• If you want to read more about Stoic philosophy, the contemporary philosopher William B. Irvine is a leading voice. His writing is accessible and doesn't use lots of unapproachable philosophical jargon.
  5. Focus on being fair instead of being harsh. A true stoic isn’t interested in emotional conflicts, retribution, revenge, or holding grudges. But that doesn’t mean you have to be a cold, distant, isolated grouch. If someone wrongs you, you can still have sympathy for them even if you don’t engage them in an emotional conflict.
    • For example, if someone you care about lashes out at you, don’t just give them the cold shoulder. You could say, “I don’t think it’s wise to just toss insults back and forth. Let’s take some time to cool down so we can deal with this situation rationally.”
    • "Don’t get mad, get even," is not at all stoic, so never try to get revenge. If you’re a manager in charge of reprimanding an employee, think of a fair way to hold them accountable instead of blindly punishing them.

Applying Stoic Principles to Life

  1. Don’t waste your time on distractions. Your time is precious, so try not to waste time on mindless distractions. It might be tough in today’s hectic world, but concentrate on what you’re doing when you’re performing a task or action. Even if you’re just sitting by yourself or talking with a friend, focus on the moment instead of checking your phone every 10 seconds.
    • In addition, try not to dwell on distractions like world news, current events, and catastrophes. It’s one thing to be informed about global events, but you don’t want to stress or panic about things you can’t control.
  2. Enjoy the moment. You don't have to be a stone-faced Scrooge to exhibit self control and focus on the here and now. You can still enjoy entertainment, life’s pleasures, and nature’s beauty.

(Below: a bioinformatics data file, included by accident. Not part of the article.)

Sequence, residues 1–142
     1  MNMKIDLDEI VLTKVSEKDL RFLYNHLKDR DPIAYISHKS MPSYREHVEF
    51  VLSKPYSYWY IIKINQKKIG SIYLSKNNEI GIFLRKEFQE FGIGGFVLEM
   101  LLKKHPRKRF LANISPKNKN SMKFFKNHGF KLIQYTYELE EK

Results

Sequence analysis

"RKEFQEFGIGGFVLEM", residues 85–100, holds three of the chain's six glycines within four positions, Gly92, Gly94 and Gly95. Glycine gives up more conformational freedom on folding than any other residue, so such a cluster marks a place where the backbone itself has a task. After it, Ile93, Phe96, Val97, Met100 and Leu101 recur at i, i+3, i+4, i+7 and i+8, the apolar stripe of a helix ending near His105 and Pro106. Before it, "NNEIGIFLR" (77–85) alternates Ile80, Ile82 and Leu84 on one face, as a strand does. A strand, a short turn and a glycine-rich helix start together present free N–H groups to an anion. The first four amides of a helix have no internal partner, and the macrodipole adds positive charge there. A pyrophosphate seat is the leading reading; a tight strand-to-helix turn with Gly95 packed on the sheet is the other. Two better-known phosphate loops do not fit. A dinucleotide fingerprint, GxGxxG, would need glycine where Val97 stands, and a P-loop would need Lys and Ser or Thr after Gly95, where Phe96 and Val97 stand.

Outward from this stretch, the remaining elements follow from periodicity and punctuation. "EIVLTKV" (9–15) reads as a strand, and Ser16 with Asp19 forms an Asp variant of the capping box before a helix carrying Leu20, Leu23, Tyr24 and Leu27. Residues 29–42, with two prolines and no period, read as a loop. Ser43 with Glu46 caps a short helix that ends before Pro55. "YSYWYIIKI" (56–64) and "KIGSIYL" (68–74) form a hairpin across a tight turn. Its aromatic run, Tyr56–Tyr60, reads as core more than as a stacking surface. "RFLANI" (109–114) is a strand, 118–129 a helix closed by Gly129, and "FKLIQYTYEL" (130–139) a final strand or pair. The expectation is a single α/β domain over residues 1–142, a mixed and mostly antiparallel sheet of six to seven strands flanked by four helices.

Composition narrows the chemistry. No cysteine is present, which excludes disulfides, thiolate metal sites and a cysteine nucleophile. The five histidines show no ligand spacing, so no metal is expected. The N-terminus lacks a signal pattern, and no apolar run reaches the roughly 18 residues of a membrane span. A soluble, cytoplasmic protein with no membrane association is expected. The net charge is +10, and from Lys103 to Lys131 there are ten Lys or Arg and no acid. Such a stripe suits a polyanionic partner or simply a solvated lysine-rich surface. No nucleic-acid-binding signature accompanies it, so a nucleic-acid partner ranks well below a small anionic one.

• For example, when handed a glass of fine wine, a stoic person might sip it and contemplate, “What if this is the last glass of wine I’ll ever have?” The point isn’t that they’re thinking about doom and gloom, but that they’re appreciating this singular moment of enjoyment.
  3. Don’t sweat the small stuff. Look at life’s big challenges as opportunities to become a wiser, stronger person. When it comes to the little annoyances, from spilled milk to losing five dollars, just try to keep calm and carry on.
    • Your peace of mind is worth more than stressing over something of little value. As the Stoic philosopher Epictetus said, “A bit of spilled oil, a little stolen wine - repeat to yourself, ‘For such a small price, I buy tranquility.’”
  4. Surround yourself with people you respect. Being stoic doesn’t mean you should isolate yourself from others. However, you should try to spend your precious time with people who want to be wiser, make better decisions, and make you want to be a better person.
    • You don’t want to be a snobby elitist, but think about your friends and acquaintances. Do they hold you accountable for your actions, encourage you to learn, and motivate you to improve yourself? Is there anyone who is petty, judgmental, opportunistic, or vicious?